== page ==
OBJECTIVES:The study assessed whether heart rate (HR) reduction following an exercise stress test (ExStrT), an easily quantifiable marker of vagal reflexes, might identify high- and low-risk long QT syndrome (LQTS) type 1 (LQT1) patients. BACKGROUND:Identification of LQTS patients more likely to be symptomatic remains elusive. We have previously shown that depressed baroreflex sensitivity, an established marker of reduced vagal reflexes, predicts low probability of symptoms among LQT1. METHODS:We studied 169 LQTS genotype-positive patients < 50 years of age who performed an ExStrT with the same protocol, on and off β-blockers including 47 South African LQT1 patients all harboring the KCNQ1-A341V mutation and 122 Italian LQTS patients with impaired (I(Ks)-, 66 LQT1) or normal (I(Ks)+, 50 LQT2 and 6 LQT3) I(Ks) current. RESULTS:Despite similar maximal HR and workload, by the first minute after cessation of exercise the symptomatic patients in both I(Ks)- groups had a greater HR reduction compared with the asymptomatic (19 ± 7 beats/min vs. 13 ± 5 beats/min and 27 ± 10 beats/min vs. 20 ± 8 beats/min, both p = 0.009). By contrast, there was no difference between the I(Ks)+ symptomatic and asymptomatic patients (23 ± 9 beats/min vs. 26 ± 9 beats/min, p = 0.47). LQT1 patients in the upper tertile for HR reduction had a higher risk of being symptomatic (odds ratio: 3.28, 95% confidence interval: 1.3 to 8.3, p = 0.012). CONCLUSIONS:HR reduction following exercise identifies LQT1 patients at high or low arrhythmic risk, independently of β-blocker therapy, and contributes to risk stratification. Intense exercise training, which potentiates vagal reflexes, should probably be avoided by LQT1 patients.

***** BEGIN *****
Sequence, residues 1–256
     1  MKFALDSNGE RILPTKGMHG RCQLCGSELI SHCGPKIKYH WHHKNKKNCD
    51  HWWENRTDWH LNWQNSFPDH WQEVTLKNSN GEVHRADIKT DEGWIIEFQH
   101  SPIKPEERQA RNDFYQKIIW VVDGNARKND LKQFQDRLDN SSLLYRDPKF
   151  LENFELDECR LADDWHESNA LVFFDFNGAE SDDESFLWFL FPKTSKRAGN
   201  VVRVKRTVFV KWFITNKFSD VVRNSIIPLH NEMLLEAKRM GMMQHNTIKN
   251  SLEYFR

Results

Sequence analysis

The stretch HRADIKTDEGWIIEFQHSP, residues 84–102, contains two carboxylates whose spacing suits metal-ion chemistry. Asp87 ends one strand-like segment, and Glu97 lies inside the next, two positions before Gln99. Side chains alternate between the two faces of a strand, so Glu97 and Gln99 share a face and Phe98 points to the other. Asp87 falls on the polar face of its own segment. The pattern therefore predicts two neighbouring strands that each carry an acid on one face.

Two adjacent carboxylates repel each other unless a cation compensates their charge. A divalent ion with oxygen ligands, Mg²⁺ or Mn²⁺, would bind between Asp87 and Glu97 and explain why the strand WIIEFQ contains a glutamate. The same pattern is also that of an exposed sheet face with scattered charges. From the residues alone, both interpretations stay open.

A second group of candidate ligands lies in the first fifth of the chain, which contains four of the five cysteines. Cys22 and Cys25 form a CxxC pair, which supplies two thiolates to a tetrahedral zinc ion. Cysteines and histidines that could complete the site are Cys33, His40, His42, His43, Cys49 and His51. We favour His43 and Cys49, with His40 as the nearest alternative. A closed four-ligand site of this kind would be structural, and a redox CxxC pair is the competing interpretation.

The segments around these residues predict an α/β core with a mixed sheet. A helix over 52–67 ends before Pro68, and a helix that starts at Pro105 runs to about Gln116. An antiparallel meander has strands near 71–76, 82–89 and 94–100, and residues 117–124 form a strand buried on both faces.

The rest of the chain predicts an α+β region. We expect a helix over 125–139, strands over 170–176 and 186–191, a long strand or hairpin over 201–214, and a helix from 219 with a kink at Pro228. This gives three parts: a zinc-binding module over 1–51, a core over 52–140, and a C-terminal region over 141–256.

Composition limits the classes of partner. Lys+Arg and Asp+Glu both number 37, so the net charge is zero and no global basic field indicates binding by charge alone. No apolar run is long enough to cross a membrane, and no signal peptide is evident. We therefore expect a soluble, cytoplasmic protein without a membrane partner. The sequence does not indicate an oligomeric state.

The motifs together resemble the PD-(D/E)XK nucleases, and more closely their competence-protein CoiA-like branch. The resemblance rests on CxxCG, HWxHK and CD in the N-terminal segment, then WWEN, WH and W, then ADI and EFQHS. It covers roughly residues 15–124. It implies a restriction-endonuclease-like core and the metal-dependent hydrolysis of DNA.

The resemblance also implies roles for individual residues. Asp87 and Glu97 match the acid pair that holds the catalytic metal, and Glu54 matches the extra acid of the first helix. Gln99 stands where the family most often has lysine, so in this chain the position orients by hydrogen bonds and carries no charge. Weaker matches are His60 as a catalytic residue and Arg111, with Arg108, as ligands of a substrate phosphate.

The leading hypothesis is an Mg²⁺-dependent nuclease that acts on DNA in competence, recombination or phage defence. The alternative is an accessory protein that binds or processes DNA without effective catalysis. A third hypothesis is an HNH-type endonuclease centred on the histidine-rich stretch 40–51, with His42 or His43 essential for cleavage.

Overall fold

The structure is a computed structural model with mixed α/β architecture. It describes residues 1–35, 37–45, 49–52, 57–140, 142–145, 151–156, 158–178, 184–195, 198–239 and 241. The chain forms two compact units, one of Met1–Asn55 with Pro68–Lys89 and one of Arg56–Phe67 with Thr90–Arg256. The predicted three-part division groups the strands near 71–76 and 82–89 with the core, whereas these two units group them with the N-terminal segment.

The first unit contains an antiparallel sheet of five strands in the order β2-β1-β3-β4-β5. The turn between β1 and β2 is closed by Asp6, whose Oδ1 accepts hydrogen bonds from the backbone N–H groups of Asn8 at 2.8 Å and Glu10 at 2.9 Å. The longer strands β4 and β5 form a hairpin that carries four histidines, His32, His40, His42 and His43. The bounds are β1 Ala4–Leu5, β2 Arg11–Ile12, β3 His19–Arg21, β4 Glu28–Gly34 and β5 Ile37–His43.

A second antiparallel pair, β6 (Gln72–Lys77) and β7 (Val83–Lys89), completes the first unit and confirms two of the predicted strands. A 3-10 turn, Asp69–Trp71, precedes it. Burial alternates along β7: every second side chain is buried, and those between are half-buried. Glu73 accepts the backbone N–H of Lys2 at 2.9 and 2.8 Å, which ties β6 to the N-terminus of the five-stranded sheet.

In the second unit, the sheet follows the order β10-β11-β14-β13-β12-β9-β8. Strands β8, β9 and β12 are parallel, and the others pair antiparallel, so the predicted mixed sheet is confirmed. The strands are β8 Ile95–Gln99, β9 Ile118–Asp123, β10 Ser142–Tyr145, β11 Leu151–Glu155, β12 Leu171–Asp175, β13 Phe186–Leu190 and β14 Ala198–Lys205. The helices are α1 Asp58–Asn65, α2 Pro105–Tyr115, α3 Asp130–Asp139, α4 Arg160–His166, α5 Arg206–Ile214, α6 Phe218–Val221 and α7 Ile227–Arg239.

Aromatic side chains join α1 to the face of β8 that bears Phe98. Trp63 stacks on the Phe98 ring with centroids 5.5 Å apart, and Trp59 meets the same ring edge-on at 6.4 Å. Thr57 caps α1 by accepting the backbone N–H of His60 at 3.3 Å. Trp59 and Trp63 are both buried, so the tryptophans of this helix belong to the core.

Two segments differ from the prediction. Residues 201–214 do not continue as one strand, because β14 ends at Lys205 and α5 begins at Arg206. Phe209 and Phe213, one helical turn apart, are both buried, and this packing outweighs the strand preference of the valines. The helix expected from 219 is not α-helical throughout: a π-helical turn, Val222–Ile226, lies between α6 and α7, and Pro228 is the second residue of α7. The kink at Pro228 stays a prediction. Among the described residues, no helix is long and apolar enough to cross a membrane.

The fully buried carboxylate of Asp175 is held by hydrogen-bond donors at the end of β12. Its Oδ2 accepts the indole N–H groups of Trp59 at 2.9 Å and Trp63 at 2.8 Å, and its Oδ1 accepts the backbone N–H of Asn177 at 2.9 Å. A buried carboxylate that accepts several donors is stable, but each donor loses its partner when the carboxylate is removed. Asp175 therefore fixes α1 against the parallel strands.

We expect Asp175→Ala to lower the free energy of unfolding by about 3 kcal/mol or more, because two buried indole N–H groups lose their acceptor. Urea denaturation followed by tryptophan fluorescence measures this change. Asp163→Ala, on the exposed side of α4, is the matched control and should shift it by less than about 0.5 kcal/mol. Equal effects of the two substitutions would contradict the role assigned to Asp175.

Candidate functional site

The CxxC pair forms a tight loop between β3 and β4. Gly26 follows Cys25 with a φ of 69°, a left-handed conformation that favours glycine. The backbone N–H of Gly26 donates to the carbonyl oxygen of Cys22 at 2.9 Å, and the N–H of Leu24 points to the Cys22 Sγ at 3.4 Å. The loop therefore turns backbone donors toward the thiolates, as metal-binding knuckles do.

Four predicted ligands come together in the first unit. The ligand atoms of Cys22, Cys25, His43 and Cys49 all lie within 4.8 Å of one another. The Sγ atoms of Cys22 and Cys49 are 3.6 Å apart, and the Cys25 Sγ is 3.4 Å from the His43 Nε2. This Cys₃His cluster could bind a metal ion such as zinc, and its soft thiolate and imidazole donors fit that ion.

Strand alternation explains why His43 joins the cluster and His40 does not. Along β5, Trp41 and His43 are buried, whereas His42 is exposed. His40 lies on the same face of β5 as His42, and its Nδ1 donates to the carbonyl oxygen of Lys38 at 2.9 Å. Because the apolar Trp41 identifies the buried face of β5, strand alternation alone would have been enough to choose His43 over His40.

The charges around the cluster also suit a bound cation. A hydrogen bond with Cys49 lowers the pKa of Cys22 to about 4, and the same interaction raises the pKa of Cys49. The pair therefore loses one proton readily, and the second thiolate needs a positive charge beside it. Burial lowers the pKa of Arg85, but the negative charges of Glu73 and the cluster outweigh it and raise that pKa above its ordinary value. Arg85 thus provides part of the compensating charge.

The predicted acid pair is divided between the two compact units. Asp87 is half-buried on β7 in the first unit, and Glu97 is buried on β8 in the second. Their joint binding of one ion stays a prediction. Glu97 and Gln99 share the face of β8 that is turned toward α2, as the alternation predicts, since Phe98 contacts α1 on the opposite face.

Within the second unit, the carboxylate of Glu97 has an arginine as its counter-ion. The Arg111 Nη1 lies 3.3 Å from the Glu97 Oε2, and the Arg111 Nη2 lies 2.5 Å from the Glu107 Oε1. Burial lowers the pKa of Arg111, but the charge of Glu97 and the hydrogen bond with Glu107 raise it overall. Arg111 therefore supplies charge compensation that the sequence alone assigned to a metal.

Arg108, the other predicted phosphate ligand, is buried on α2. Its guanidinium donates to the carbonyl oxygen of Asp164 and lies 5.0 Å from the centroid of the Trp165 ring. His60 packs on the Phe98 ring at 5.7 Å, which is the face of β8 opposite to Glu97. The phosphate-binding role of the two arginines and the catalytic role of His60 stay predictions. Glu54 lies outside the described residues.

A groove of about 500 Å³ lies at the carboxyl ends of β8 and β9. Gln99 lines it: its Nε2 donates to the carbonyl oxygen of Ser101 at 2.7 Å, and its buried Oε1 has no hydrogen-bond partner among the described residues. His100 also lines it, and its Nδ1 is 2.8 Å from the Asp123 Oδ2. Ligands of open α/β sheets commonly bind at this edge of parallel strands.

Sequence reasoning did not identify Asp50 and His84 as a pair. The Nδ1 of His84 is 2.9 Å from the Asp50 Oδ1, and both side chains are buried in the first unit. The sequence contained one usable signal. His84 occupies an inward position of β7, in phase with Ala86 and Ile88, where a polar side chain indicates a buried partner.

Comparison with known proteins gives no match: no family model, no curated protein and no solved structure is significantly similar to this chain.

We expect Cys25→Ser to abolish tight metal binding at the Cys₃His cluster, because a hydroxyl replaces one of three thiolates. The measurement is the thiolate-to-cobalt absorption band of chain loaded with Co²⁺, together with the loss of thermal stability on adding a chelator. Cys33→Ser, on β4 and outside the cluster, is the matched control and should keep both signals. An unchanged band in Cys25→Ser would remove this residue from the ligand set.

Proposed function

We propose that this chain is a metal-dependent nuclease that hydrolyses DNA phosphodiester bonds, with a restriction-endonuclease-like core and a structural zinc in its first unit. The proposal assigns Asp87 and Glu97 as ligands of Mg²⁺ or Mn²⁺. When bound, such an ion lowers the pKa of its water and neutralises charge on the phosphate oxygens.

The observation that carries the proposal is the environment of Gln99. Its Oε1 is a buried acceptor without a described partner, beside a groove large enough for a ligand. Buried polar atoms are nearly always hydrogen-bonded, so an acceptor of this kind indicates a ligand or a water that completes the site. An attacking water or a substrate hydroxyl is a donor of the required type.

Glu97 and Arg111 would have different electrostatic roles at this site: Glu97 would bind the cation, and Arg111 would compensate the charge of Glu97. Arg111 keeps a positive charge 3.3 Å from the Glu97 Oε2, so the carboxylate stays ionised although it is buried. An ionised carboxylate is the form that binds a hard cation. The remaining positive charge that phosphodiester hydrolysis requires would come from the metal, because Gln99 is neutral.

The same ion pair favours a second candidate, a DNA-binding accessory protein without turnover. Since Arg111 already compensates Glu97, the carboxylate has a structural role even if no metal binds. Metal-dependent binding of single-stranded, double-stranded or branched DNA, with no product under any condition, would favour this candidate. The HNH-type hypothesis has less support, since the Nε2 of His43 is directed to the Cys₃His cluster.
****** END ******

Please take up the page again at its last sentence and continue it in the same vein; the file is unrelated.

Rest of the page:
Crotti, L., Spazzolini, C., Porretta, A. P., Dagradi, F., Taravelli, E., Petracci, B., … Schwartz, P. J. (2012). Vagal Reflexes Following an Exercise Stress Test. Journal of the American College of Cardiology, 60(24), 2515–2524. https://doi.org/10.1016/j.jacc.2012.08.1009